This is an interesting article on how the Cardoon plant was discovered and became classified as an herb (beneficial weed).
Eating Thistles by Andy Griffin
On September 19 th , 1832, biologist Charles Darwin passed through the remote Argentine settlement of Guardia del Monte, and noted that the village marked the southernmost limit of the cardoon infestation on the pampas. Cardoon, or Cynara cardunculus , is a big thistle. Darwin had passed by weed patches where cardoons stood as high as a horse's back in thickets that covered hundreds of square miles. This week we've harvested cardoon for your CSA share boxes. “Why,” you may ask, “is my farm growing a plant that one of the brightest stars in the history of science described as a pernicious and invasive weed?” I can speak to your doubts but words only go so far, so I'm including a recipe at the end of this history. Cardoons are good food, and the proof is in the gratin.
Cardoon is a sister to the artichoke, but instead of eating the immature flower bud, we eat the petiole, or leaf stalk. Cardoons make flower buds that look like small, spiny artichokes, but you'd have to be hungry to make eating them worth the pain. A number of different cardoon varieties that have been developed by farmers, and most of them have been selected to have few, if any spines. The cardoon I've grown for you is an Italian breed called Gobbo di Nizza . Massed over hundreds of thousands of acres, the way that Darwin encountered them, I'd imagine that cardoons would be a dreary sight indeed, but in a garden setting the plants are beautiful and sculptural. I've found that cardoons offer excellent habitat for Ladybugs to breed and multiply in, so our cardoon patch not only serves as a food crop, it's also an insectary that benefits the rest of our more common vegetable crops.
Cardoons evolved around the rim of the Mediterranean Sea , and people have eaten them for a long time, but Roman gardeners are thought to have been responsible for taming this thistle into a garden vegetable. It was a Roman custom to dip tender, young cardoon stems in a simple sauce of warm olive oil and butter and eat them raw. The bigger stems were typically baked, steamed, or fried. As the Roman Empire expanded, the practice of growing cardoons extended as far north as the weather permitted. The cardoon, like the artichoke, is frost tender, so it didn't become established in colonies like Britannia or northern Gaul , but Roman cardoon recipes found favor in warmer regions. To this day, cardoons are much appreciated in Spain , southern France , and northern Italy . But cardoons haven't only provided pleasure at the table--- they've also provided fodder for a joke at the expense of the Swiss.
The word for thistle in Latin is cardo . The word for “big thistle” became cardone in Italian and chardon in French. In Mexico , big saguaro-like cacti are generically referred to as cardon . In alpine Switzerland , cooks wanted to emulate the magnificent cardoon recipes of their lowland relatives, but they couldn't, because frosty alpine Switzerland doesn't provide a good habitat for the temperate minded cardoon. Farmers improved the beet green, Beta vulgaris , so that a more cold tolerant plant could sport a fat, white, succulent and mild flavored stalk like chardon or cardone and could be cooked in the same way. “ Chardon Suisse ,” laughed metropolitan French chefs when they saw these odd new beet greens, “Swiss thistle!” The Erbette ‘chard' in your box last week is the descendent of the original thin-stemmed beet green that was improved into ‘Swiss thistle.' We'll grow ‘regular chard' for you later this year, along with red, gold, and pink chards. Ironically, I've met Americans who strip the leafy green part of the chard leaf off the stem and cook it and throw the thick stalk away, thus entirely missing the point. I've even had customers at farmers' market buy bunched beets and ask me to twist off the greens and toss them away, while at the same time they buy a bunch of chard from me. They're not saving any money, but I remind myself that the customer is always right. Still, if we remember our history, we're reminded that old fashioned recipes for Swiss chard ought to work well with cardoon.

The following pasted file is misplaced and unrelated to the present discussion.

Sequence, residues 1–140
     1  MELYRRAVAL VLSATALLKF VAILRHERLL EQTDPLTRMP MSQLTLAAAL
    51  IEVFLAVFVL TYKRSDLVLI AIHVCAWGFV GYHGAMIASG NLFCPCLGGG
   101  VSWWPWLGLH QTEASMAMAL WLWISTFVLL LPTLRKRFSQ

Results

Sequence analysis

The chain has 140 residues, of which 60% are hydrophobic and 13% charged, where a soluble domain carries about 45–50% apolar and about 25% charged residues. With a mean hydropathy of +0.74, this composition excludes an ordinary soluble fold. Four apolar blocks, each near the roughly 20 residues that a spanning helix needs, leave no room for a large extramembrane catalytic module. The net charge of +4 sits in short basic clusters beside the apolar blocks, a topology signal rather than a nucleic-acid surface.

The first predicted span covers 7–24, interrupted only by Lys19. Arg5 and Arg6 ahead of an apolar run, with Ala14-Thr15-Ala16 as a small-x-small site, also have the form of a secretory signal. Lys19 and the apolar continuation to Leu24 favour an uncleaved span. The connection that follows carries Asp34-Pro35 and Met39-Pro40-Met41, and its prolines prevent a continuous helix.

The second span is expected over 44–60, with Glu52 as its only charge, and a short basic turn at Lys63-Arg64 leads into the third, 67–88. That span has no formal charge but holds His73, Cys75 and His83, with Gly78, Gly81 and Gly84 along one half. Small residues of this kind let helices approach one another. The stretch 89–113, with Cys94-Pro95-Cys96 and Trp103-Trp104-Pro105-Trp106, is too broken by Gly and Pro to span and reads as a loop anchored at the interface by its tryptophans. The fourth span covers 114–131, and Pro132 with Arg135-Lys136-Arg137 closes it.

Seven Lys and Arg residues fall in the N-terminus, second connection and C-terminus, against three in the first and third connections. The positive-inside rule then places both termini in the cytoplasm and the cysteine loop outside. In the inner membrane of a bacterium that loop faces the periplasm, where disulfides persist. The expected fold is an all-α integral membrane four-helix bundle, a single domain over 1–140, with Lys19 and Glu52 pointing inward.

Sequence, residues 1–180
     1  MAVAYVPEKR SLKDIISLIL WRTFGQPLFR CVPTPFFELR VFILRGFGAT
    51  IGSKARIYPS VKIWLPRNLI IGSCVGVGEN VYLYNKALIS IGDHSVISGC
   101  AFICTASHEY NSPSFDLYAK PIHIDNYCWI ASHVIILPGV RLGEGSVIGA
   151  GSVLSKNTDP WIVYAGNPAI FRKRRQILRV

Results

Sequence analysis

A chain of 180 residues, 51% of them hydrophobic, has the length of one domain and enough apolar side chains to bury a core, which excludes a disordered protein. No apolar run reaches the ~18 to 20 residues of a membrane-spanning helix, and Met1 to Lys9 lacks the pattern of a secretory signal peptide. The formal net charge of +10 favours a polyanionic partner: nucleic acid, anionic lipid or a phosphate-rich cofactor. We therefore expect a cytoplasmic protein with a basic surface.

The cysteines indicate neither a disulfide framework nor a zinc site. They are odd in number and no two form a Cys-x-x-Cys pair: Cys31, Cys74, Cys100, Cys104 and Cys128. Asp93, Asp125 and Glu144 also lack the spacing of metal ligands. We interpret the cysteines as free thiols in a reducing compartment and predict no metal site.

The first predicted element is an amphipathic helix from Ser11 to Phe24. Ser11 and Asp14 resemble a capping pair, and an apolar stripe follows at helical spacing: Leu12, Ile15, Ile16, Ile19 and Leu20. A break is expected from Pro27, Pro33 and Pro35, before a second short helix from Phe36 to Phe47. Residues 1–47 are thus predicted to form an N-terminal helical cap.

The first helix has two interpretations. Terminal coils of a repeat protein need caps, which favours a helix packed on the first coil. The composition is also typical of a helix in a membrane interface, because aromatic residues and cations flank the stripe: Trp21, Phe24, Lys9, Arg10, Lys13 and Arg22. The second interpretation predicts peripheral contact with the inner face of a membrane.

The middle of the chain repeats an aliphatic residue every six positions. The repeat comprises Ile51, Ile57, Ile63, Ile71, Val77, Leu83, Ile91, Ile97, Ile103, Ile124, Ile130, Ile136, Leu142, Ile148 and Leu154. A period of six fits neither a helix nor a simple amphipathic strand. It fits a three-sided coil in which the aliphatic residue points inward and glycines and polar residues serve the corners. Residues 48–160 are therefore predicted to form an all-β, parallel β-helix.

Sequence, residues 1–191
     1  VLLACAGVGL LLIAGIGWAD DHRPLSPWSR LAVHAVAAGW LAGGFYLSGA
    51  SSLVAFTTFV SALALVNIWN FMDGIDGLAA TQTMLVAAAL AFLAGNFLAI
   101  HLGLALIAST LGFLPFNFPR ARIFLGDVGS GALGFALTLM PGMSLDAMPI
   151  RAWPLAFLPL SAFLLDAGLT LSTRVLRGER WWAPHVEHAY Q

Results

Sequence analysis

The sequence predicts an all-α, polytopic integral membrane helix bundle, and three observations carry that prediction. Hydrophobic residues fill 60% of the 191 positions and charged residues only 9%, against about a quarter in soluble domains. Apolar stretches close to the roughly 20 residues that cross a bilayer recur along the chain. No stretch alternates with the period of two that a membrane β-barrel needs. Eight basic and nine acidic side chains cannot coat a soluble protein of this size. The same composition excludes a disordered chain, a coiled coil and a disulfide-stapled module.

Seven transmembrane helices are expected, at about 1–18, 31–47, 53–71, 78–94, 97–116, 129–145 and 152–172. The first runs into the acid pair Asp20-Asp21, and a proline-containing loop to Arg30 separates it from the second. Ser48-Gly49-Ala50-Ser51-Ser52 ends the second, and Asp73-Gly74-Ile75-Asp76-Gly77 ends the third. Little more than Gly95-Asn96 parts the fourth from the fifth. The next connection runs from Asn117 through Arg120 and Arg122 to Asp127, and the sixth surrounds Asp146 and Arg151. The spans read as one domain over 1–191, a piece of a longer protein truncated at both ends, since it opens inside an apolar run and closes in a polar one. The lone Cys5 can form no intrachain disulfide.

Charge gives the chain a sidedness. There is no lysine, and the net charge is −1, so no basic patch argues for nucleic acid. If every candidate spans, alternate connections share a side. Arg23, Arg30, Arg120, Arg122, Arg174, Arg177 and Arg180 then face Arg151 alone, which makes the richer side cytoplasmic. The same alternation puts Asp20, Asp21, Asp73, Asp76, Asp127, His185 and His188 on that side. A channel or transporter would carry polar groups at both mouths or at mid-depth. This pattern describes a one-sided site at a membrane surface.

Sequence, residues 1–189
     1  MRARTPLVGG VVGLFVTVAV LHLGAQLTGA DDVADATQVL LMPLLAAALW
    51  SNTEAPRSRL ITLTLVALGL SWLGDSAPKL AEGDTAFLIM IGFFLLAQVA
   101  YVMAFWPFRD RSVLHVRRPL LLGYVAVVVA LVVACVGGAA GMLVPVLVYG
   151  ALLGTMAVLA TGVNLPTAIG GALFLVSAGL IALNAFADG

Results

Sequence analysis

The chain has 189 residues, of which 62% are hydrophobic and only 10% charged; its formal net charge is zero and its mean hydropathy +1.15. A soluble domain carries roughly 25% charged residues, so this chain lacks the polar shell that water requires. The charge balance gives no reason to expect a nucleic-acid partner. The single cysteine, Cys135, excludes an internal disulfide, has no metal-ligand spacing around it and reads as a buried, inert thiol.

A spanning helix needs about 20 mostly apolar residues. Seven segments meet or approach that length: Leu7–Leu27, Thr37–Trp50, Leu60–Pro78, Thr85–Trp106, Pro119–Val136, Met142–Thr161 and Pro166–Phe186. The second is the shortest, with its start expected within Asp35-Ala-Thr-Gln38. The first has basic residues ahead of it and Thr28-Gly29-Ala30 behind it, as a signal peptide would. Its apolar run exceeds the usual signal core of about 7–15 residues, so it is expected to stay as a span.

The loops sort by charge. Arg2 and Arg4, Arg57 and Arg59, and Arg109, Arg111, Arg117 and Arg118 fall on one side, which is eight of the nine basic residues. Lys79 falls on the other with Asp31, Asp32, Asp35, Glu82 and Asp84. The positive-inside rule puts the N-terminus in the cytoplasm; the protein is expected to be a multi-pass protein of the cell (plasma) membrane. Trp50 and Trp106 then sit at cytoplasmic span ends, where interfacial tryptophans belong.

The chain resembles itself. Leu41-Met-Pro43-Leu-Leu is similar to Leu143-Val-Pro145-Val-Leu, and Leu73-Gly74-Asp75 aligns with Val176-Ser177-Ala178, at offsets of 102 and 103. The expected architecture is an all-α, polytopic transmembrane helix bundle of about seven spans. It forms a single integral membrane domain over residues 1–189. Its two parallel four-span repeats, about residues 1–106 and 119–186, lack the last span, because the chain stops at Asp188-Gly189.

When the Spanish conquistadores came to South America they brought their long horned cattle and their cardoons with them. A terrestrial age of Taurus dawned across the great southern plains. Cattle multiplied like fleas across the pampas. Their sharp hooves cut the turf and wore it away, providing a place for feral cardoon seed to germinate. Cattle dung fertilized the soil and gave it the flavor of home. Soon, isolated outcroppings of cardoons that had escaped from the garden metastasized into thorny jungles. The cardoons reacted to their new freedoms by shedding all vestiges of tender domesticity and reverting to their original vicious, spiny habits, just as the feral Spanish cattle grew more wily and wicked as they outwitted and outfought the native panthers. The Spaniards had come to America hoping to subdue and civilize a wild continent. But instead, long before Darwin showed up to observe nature, the cow and the cardoon had already gone “native” and reverted to their horny and thorny natures. When gauchos gave chase to descendents of the wild Iberian cattle, hoping to slaughter beef, the longhorns could disappear into oceans of thistles and thorns and be lost to the bolo, the riata , and the corral for good. The dance of progress had taken one step forward and two steps back, and that's an interesting dialectical evolution to ponder.
copyright 2008 - Andy Griffin